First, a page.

Júlio César runs downstairs from his Knightsbridge flat after spotting a tow truck on the verge of taking his SUV away. After a few attempts in broken English to tell the parking enforcement officer he does not grasp the meaning of the "suspended parking" yellow signs, the Brazilian is recognised by the driver, who happens to be a Queens Park Rangers fan. "I ran upstairs again and got the team shirt I had just given to my wife," the goalkeeper recounts, "along with some pictures, and brought them down to the guy. It's the minimum I could do."
Avoiding that fine is not the only upside to life as a QPR player that Júlio César has recently enjoyed. This interview takes place in the week the new Brazil manager Luiz Felipe Scolari recalled him to the seleção squad for Wednesday's friendly against England at Wembley, following an upturn in form at Loftus Road that included his man-of-the-match performance in the goalless draw at home against Manchester City on Tuesday.
After he was dropped by the previous Brazil coach, Mano Menezes, last February this comes as a lifeline for his dream of representing Brazil in their home World Cup, 18 months from now. He feels indebted to QPR, who offered him a fresh start after he fell out of favour at Internazionale. "They gave me a chance when things had become really difficult for me in Italy," he says. "I am really grateful for the opportunity, the doors this move opened for me."
Inter had cast Júlio César to the fringes of the squad after he refused a salary reduction. His part in their memorable treble-winning 2010 season under José Mourinho, which culminated with the club's first European Cup since 1965, was already a thing of the distant past. That hurt him. It was time to go and, although the Brazil media expected him to join other stars in returning to play domestically ahead of the World Cup, Júlio César had other plans.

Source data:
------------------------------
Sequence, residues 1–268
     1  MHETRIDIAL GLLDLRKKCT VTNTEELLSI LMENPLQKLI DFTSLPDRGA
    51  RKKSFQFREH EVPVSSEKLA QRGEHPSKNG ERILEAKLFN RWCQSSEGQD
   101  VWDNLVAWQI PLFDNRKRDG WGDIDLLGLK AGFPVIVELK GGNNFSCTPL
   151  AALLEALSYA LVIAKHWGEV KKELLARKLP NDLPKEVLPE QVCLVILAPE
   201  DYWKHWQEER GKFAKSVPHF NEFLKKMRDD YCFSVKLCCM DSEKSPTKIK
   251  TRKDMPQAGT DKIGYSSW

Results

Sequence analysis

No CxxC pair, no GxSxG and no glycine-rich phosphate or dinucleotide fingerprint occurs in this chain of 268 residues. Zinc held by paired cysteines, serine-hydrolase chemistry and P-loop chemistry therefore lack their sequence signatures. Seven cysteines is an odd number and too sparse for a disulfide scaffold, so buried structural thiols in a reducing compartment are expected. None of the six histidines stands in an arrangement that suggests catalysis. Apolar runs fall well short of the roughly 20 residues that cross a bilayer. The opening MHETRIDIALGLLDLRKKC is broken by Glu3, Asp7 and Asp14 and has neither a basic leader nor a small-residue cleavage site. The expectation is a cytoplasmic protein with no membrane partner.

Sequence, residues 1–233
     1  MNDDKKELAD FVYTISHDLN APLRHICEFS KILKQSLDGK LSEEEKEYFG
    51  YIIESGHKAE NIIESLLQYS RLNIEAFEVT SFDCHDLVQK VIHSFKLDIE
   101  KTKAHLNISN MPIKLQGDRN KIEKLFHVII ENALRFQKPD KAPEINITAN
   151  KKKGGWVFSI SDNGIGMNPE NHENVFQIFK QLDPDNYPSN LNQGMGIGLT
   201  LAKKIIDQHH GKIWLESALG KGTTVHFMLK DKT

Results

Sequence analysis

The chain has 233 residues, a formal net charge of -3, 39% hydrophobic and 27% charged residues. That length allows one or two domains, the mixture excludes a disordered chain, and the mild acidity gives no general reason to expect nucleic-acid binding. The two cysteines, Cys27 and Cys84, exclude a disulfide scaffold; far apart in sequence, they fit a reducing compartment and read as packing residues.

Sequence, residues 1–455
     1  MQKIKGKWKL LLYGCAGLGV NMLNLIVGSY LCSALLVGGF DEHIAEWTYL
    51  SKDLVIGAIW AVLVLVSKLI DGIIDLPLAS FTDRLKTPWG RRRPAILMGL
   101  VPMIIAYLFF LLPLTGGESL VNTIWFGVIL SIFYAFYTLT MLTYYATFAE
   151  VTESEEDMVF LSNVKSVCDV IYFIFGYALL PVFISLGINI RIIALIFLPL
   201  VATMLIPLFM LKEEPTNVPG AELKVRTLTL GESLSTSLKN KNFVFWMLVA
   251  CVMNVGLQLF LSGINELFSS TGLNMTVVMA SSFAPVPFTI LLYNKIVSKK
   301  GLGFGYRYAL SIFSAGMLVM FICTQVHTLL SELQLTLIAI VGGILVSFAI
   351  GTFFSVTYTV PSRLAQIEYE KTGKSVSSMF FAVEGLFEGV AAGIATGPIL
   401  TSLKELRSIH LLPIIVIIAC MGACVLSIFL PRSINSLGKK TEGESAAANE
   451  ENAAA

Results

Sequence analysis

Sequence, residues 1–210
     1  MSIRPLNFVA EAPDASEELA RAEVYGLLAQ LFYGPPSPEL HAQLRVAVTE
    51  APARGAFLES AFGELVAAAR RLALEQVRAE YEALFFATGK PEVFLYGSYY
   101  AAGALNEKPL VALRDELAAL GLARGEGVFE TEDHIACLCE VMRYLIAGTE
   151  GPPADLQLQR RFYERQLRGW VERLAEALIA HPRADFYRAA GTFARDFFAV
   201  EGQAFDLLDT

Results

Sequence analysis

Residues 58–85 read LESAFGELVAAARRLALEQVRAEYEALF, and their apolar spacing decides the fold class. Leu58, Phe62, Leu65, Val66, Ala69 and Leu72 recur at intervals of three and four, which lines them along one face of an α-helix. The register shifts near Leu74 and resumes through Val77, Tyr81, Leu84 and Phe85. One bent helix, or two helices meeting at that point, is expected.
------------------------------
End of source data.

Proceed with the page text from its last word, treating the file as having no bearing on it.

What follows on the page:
"I had seven wonderful years at Inter and won every trophy possible," he says. "I was really down after being sidelined but I had the feeling my time in Europe was not over, even though I was approached by a Brazilian club. When Mr [Tony] Fernandes contacted me, I immediately thought it was my chance to play in the Premier League, so I met him in London. Then he presented QPR's project to me, his plan to make them gain respect and awareness abroad. I really liked what I heard. There were no crazy promises, like 'let's win the Champions League next year', and that convinced me something special was going on."
QPR's location certainly helped, London being a city that Júlio César's children and wife, the Brazilian model Susana Werner, would not find too different from Milan. He ensured that instead of choosing suburban palaces, like many players, they would live in the city. "I owed that to my wife and the kids. London is such an amazing place. We live close to museums and shops. I don't mind taking them on the tube or the bus. Even when I bump into Brazilian or Italian fans, it is much more chilled out."
The one thing that has not been going according to plan is QPR's struggle to maintain the Premier League status that was fundamental to convincing Júlio César, the highest profile of 22 signings since Fernandes bought the club 18 months ago, to share the owner's vision. The team seem to have steadied themselves after an abysmal first half of the season that left them at the bottom of the Premier League table, but they remain four points adrift of the teams outside the relegation zone.
"It was tough going to work in that situation," Júlio César says. "Nobody expected us to hit that bad patch. Of course there were injuries like [Bobby] Zamora's and the fact that a lot of new players arrived. I think even rival supporters were hoping we'd win a first game."